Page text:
Safer alcohol consumption

  • Alcohol and the outdoors – tips on how to stay safe
  • The dangers of alcohol and cold weather
  • Alcohol and outdoor adventures
  • Alcohol and parties

The more you drink, the more likely you are to be at risk of hurting yourself, someone else or damaging property. Consuming alcohol can:

  • affect your judgement and reasoning;
  • slow down your reaction times;
  • upset your sense of balance and coordination;
  • impair your vision and hearing; and make you lose concentration and
  • feel drowsy.

We all know that we should not drink and drive, but there are more risks than that. Knowing some of the risks before you consume alcohol can help keep you and others safe.

  1. Alcohol and the outdoors – tips on how to stay safe
    • Know where you'll spend the night and how you'll get there safely before you start consuming.
    • Make sure the people you're with make it to a safe place for the night. Do not hesitate to confirm that people have made it to safety by phoning or texting. If you do not hear back from them, take action.
    • Dress for the weather. Hypothermia can happen in summer as well as in winter.
    • Do not let friends walk alone.
    • If you're in an area with wildlife, make noise and stick together.
    • Let someone you trust know where you'll be and what time you'll be back.
    • Keep a cell phone and a rescue number with you. Do not hesitate to use it.
    • Be fire safe. Alcohol affects balance and coordination, and you can accidentally burn yourself while tending to a fire.
    • Pace your drinking through the night and frequently alternate with an alcohol-free drink.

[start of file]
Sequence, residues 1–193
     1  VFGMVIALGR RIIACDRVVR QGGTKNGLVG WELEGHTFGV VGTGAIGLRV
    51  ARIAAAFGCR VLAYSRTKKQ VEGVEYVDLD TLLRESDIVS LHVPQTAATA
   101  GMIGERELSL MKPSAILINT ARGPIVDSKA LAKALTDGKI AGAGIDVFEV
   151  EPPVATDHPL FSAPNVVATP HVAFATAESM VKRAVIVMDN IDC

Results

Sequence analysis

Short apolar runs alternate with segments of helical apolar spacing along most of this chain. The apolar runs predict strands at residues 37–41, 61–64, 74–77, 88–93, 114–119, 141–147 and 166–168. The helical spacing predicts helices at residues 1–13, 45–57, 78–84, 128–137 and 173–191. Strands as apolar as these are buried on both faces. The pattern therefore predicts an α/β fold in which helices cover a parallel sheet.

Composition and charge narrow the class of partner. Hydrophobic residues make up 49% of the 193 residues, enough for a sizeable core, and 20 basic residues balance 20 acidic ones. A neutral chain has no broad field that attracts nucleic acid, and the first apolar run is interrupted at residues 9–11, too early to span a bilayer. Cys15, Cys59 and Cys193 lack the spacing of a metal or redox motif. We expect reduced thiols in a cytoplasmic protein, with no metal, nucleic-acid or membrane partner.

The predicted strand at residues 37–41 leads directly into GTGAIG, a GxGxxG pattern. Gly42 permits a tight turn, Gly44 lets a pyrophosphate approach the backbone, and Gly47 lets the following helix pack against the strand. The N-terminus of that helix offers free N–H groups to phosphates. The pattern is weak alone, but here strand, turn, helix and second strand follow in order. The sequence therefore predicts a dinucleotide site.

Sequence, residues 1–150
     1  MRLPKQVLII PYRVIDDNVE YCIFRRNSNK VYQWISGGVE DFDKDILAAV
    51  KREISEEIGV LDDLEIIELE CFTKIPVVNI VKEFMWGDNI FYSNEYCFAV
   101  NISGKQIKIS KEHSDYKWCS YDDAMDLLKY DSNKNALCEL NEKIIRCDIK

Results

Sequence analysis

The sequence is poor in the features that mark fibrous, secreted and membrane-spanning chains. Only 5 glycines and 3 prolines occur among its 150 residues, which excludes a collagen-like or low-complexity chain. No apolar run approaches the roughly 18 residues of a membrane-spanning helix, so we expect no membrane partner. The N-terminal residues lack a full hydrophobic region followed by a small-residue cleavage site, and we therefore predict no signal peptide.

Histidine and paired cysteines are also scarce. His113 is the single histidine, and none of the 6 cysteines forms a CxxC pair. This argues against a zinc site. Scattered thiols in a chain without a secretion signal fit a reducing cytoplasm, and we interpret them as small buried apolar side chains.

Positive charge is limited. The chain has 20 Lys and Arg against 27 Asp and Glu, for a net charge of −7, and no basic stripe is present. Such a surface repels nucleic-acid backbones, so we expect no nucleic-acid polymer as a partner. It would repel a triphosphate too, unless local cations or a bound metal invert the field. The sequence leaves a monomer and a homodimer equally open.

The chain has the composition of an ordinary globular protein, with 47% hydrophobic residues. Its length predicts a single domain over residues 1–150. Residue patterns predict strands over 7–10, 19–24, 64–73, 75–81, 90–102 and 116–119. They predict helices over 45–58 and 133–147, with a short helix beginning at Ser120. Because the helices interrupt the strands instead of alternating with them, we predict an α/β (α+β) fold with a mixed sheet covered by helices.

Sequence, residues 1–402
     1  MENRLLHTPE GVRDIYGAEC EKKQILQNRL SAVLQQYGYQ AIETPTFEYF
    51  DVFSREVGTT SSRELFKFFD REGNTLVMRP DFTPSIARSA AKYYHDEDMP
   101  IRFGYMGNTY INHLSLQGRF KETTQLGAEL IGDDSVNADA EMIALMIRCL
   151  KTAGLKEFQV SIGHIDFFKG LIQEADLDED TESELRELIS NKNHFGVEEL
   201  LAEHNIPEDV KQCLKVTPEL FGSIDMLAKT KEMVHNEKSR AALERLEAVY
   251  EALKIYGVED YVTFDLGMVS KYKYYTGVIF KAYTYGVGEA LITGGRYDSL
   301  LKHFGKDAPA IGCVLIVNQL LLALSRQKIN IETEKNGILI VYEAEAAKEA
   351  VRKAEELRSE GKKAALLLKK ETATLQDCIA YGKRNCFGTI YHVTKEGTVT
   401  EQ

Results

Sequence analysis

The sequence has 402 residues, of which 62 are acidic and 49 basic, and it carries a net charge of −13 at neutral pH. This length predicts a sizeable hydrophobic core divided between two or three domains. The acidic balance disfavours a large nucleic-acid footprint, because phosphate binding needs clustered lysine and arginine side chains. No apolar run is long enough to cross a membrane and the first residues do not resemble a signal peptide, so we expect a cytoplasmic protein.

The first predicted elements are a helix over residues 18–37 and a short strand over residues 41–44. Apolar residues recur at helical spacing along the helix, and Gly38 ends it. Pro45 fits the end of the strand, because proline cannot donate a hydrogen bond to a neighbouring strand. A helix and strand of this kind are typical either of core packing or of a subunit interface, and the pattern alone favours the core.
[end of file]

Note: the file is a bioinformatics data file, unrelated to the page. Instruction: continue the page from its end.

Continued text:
• Do not drive while you're intoxicated or get into the vehicle of someone who's been drinking. That includes ATVs, boats, bikes and snowmobiles.

  2. The dangers of alcohol and cold weather

    Alcohol can impair your decision-making ability, which can lead you to take risks that you would not take when sober. Make sure you have a safe place to sleep and a safe way of getting there before you start drinking. It’s best to find a sober ride home and ensure the driver does not leave until you're inside. If you do decide to walk, you may find yourself at very real risk of frostbite or hypothermia.

    When you drink, alcohol affects the blood vessels just below your skin. They open up and more blood, and heat, flows into them. You might feel like you're warm but you're losing vital body heat, and you may even be tempted to shed a layer or two.

    To reduce your risks:

    • drink responsibly;
    • limit your exposure to cold;
    • dress warmly;
    • avoid getting intoxicated;
    • keep hydrated; and
    • have a sober friend you can call if you need help.

  3. Alcohol and outdoor adventures

    Intoxication while enjoying Yukon's outdoors can impair judgement and increase the likelihood that you'll:

    • take unnecessary risks;
    • travel in the wrong direction; or
    • cause damage to the wilderness around you that could result in fines.

    Alcohol consumption can also affect more than you and your group. Nuisance and noise issues could result in tickets and eviction notices from Yukon campgrounds.

    We should all know better than to operate any type of vehicle while intoxicated, but did you know it's also illegal to hunt or handle a firearm while you're intoxicated?

    Since emergency services are not nearby when you go into the back county, any accident could be deadly. Know how to stay safe while in Yukon’s wilderness and stay sober.

  4. Alcohol and parties

    Parties are a great way to reconnect with friends and meet new ones, but drinking alcohol at parties brings risks. Before going out, make sure you know where you'll be spending the night and how you'll get there and also have an alternate plan, just in case.

    Keep your alcohol secure and do not share it with minors. Anyone who allows a minor to consume alcohol or who gives alcohol to a minor could be:

    • charged under the Liquor Act; and
    • could be liable to civil charges if the minor harms themselves, someone else or damages property.

    If you're attending a bush party:

    • do not start dangerous fires and make sure it's out when the party is done;
    • let people know where you'll be, who you're with; and
    • know how you'll get back safely.

    Bring extra clothes and a cell phone and stick together. Do not hesitate to call your local police for help if any party gets out of hand.